China is loaded, but it looks like it’s been seriously maxing out on credit. What’s going on and what does it mean?
A million millionaires. More billionaires than America. A booming economy. Yep, China is loaded. But there’s a problem – it looks like a lot of the wealth was built on debt. Around 25 trillion dollars of it!
The Chinese economy has been
(although it’s slowed down a bit recently). The value of all the goods and services it produced last year (its GDP) grew by about 7% – something other countries can only dream about.
And consider all those ‘Made in China’ stickers! In May this year, China exported much more than it imported (its trade surplus), to the tune of $50 billion! Compare that to the poor old UK (the world’s fifth largest economy), with a deficit of more than $4 billion.
It seems that the only way China has produced so much, so quickly, is by lots of its companies taking on debt, then buying loads of stuff, building loads of stuff, and producing loads of stuff, which makes growth figures shoot up.
It’s kind of like maxing out the credit card and then saying, “Woo-hoo, I’m loaded.” Then you’ve got a ton of stuff (like vast cities that no one lives in, or a load of steel that you can’t use), but there’s a massive amount of money to pay back.
Well, China is different from most other countries, because many of its biggest companies are still owned by the state (yep, they’re called State Owned Enterprises, or SOEs).
Some people argue that these companies aren’t always the most productive, and that in this instance they’ve been used to fuel the huge boost in growth. The thing is, with such a large amount of debt-based money available, it’s difficult for any economy to use it productively - there’s only so much you need at any one time, and only so much that can be profitable.
That’s why you see massive cities being built, but no one actually living in them (they’re called ‘ghost cities’) - because you’ve supplied a need that doesn’t exist.
This means that corporate debt in China is now around one and half times the value of its GDP. And these SOEs account for just over half of that, which is why they’re sometimes called ‘zombie companies’. They’re not really producing as much as they could, and, some say, exist really just to pay back their debts.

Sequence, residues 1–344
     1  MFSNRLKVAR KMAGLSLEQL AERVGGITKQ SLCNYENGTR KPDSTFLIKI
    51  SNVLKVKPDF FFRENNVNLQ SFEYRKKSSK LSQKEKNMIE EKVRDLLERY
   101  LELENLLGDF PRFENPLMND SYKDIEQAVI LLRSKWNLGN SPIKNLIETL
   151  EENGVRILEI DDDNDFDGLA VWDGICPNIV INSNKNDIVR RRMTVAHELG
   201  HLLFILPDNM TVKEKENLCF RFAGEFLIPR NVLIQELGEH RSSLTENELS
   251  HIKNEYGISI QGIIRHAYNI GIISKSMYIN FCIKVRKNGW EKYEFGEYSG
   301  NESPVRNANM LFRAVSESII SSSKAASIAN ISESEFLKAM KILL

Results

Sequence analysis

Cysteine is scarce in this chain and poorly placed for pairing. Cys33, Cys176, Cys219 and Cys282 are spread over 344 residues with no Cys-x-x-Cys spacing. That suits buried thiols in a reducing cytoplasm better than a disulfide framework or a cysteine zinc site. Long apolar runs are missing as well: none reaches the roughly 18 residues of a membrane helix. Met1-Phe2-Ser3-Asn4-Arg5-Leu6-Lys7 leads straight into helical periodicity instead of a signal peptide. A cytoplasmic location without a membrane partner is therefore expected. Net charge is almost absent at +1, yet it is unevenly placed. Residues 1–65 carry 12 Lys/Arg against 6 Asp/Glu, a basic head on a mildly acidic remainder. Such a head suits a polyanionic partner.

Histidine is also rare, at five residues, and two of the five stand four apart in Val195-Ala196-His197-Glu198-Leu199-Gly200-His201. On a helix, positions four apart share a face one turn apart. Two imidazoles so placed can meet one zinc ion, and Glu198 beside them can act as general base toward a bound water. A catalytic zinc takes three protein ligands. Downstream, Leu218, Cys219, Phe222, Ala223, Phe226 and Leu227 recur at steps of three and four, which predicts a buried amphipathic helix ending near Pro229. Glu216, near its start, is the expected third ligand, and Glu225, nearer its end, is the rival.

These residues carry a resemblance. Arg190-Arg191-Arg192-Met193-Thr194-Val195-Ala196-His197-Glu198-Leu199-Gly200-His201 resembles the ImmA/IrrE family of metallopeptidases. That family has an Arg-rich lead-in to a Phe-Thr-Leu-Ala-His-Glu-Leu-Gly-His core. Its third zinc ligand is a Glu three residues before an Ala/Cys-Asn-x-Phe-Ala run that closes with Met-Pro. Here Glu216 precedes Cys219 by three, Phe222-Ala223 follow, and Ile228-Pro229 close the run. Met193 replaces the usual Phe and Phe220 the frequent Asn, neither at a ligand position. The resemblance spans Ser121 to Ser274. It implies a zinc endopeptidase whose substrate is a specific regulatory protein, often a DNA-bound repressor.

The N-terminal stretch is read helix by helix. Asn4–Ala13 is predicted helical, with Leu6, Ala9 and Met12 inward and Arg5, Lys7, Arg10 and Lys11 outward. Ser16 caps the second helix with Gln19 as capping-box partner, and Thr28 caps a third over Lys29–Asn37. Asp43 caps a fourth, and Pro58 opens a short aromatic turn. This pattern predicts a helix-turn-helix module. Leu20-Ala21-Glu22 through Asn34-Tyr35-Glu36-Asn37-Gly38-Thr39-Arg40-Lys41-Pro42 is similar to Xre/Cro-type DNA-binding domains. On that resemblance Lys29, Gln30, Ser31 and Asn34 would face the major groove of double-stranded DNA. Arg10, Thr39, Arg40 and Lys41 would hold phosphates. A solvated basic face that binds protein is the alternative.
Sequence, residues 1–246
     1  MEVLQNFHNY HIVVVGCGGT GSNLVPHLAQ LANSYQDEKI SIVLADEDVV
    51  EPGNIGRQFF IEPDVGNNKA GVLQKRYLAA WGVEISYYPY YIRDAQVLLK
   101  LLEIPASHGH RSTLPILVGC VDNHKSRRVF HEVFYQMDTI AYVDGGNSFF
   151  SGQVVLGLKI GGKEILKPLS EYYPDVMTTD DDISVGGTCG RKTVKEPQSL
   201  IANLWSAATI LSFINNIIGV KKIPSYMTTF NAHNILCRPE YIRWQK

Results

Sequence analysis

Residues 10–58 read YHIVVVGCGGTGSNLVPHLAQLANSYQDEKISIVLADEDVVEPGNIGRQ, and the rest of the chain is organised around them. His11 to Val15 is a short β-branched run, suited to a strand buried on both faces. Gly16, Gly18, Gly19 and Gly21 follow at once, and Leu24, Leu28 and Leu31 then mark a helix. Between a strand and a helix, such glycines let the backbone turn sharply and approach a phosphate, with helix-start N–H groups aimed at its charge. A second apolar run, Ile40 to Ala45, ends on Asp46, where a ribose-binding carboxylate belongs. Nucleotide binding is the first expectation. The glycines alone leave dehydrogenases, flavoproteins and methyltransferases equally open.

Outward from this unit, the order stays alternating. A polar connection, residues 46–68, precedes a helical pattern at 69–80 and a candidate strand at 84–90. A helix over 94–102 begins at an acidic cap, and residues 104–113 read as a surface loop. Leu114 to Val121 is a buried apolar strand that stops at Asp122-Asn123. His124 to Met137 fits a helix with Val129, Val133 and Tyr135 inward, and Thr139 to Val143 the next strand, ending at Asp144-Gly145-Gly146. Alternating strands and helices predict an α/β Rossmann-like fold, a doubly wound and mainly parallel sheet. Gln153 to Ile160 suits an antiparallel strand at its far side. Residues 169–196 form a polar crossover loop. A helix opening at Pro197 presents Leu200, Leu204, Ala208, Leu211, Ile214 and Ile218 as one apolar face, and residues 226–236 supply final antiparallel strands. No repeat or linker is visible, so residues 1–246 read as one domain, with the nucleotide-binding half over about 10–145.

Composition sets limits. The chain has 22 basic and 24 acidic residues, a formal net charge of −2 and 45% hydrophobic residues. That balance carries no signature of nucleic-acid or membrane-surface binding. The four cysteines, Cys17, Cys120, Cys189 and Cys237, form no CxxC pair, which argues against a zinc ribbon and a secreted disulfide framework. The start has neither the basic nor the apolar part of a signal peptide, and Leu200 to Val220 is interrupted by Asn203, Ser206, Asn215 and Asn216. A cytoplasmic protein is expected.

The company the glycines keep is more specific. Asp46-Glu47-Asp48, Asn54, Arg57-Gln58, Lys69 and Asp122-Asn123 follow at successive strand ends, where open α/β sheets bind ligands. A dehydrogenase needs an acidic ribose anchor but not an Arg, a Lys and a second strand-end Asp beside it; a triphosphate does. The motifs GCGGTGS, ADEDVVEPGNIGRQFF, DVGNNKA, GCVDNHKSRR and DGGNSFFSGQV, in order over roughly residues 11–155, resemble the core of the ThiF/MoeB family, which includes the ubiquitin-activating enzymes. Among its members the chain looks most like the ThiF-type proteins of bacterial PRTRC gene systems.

Trouble is, as time goes by these companies may become unable to pay all this money back. And when they’re not getting paid back, banks and lenders tend to stop lending as much, which results in a general slowdown in economic growth. Welcome to ‘vicious circle’ time.
And what does it all mean?
Well, as is so often the case, economists disagree on this, so the jury’s still out.
Some think that because the world’s economies are all much more closely connected these days, that the potential debt problem in China could creep through into other economies and damage them. Worse case scenario: a significant financial crisis, a bit like in 2008.
Others say that the Chinese economy is very different to, say, the US economy, and not as closely tied to other economies. Also, that economics tends to serve politics (everything is run by the state) in China, not the other way round (more the Western way, where the market tends to dominate), which may mean less instability than we saw in the 2008, and so less widespread effects.
What it will certainly mean for China is slower overall growth and much less cash to splash around - because so much of it is going on repaying the debt. People are already buying fewer Prada handbags. The Italian fashion company recently reported a decline in its sales, and other figures show the whole luxury market in China is slowing down.
Seems like the Ultra Rich Asian Girls may need a rebrand: the Fairly Rich Asian Girls sounds pretty good.